Also, in 2020, the height of the main character (Princess Silla) was estimated to be about 150 cm. At the time, it was a rough calculation based on the state of wearing the accessories. This time, the height of the main character was corrected to 130 cm by closely examining the floor of the wooden coffin. As a result of synthesizing the size of the excavated artifacts, the age was estimated to be ‘around 10 years old’. The main character of Jjoksaem Tomb No. 44 was identified as ‘a 10-year-old Silla princess who died at the end of the 5th century’.
■A 5-year-old prince unexpectedly summoned
In the passage of ’10-year-old Princess Silla’, there was a tomb in Gyeongju that suddenly came to mind. It is a golden gun.
The main character of this tomb is presumed to be ‘a little prince about 5 years old who died in the early 6th century’. Geumryeongchong was discovered in 1924 during the Japanese colonial period.
Amazing artifacts have been poured out. I saw jewelry made of pure gold, including gold crowns, earrings, belts, necklaces, and bracelets. There are also two figures on horseback (pottery in the form of equestrian figures) (national treasures). In addition, golden bells (gold bells), which were not found in the Golden Crown Tomb (excavated in 1921), were excavated.
That is why the name ‘Geumnyeongchong’ was attached to this tomb. Then, what is the specific basis for ‘Geumryeongchong = 5-year-old little prince’?
First of all, the gender of the main character of the Shilla tomb is judged mainly by whether he is wearing ‘earrings and a sword’.
Generally, it is estimated that ‘thin ring earrings – large knife = male’ and ‘thick ring earrings – small knife (silver sword, etc.) = female’.
A ‘thin ring earring’ was seen on the head of the main character of Geumryeong gun, and a ’round ring large knife with ornament’ (a two-ringed sword) was seen on her waist.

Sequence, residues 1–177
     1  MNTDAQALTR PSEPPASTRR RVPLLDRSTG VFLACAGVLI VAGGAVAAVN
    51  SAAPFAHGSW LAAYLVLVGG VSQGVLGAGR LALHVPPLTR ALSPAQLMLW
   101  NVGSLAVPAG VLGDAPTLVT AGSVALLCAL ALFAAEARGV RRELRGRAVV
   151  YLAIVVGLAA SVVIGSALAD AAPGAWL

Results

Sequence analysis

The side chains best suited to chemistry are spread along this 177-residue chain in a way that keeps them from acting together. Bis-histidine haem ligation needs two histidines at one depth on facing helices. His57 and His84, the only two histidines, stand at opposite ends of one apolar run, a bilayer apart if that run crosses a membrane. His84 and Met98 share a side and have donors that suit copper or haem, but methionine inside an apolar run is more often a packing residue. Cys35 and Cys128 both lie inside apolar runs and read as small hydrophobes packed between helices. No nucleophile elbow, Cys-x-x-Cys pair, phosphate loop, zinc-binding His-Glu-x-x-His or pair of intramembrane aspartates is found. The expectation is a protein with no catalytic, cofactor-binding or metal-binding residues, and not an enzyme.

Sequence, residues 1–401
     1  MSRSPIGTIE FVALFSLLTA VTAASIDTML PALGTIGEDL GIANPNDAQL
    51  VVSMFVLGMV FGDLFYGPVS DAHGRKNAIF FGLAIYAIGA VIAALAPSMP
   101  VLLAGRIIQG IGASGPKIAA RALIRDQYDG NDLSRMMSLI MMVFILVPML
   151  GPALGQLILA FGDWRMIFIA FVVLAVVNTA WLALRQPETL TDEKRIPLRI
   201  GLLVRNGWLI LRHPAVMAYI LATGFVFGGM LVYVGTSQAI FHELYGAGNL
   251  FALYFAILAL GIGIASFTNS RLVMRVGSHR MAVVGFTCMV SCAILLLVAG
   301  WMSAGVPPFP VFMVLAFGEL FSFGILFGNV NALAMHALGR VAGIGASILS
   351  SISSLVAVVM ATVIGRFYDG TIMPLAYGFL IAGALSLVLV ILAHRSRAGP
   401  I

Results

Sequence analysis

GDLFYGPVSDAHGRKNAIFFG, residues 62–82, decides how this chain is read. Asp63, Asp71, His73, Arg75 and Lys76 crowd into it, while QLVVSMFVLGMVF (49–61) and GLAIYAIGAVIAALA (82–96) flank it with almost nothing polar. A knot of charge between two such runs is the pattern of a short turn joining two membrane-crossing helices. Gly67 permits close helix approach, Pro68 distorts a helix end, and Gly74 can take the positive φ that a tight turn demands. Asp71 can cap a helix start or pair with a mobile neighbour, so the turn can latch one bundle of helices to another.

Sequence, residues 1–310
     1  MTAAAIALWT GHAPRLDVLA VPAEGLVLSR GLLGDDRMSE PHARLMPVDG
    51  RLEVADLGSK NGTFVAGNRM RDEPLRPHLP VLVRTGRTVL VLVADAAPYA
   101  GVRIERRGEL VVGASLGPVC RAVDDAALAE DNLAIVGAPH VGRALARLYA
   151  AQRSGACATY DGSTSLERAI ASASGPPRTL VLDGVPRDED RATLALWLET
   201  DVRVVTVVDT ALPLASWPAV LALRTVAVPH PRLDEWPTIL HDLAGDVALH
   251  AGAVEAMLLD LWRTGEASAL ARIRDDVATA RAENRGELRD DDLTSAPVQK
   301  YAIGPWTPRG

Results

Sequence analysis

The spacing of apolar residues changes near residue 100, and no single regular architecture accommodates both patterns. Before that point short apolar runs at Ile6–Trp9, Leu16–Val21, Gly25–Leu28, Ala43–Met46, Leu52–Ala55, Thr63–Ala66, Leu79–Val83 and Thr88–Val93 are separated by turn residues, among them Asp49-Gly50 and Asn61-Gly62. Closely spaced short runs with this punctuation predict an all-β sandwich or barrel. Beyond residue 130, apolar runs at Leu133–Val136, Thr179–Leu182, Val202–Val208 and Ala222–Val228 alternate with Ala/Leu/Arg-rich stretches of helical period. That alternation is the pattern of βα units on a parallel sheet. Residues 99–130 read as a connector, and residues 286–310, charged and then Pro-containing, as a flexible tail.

That’s why I assumed it was male. How could I know the age of the main character of Geumryeongchong?
Her size can be estimated from the various accessories exposed in the place where the main character was lying. Like Tomb No. 44… .
Come to think of it, the distance between the accessories connecting the ‘head (decorated end of the crown) – waist – feet (anklet beads)’ did not exceed 90 cm.
The main character was about 90 cm tall. The size of the crown was also small. The diameter of the crown worn by the main character (15 cm) was smaller than the items excavated from other tombs (Cheonmachong 20cm, Golden Crown Tomb 19cm, and Seobongchong 18.4cm). It’s just that the head is so small.
It is the same with the golden belt of the golden gun. There are 23 ‘decorative metal attachments’ on the belt, and the length is about 74 cm. It is quite small compared to the Cheonmachong Gold Waistband (44 points, length 125cm). Cheonmachong is presumed to be a king or an adult male member of the royal family.
If so, it is highly likely that Geumnyeongchong, built around the same time as Cheonmachong (early 6th century), is the tomb of a prince who died young.
Here, let’s infer the age based on the height of about 90 cm. In 2001, a mummy dating from the mid-17th century was excavated in Yangju, Gyeonggi Province.
The mummy’s height was 99.4 cm, and the age measured by teeth was found to be around 5.5 years old. Of course, the environment will change over time.
However, if the height (90cm) of the main character of Geumryeongchong is 5-6 years old, it can be estimated that he is a prince.
■With and without a burial ground (Geumryeongchong)
Let’s compare the tombs of a 10-year-old princess (Jjoksaem No. 44) and a 5-year-old prince (Geumryeongchong) based on data compiled by Shim Hyeon-cheol, a curator at the Gyeongju National Research Institute of Cultural Heritage. The two tombs are about 340 meters apart.
The tomb construction period is generally estimated to be ‘the end of the 5th century (Joksaem No. 44)’ and ‘the beginning of the 6th century (Geumnyeongchong)’.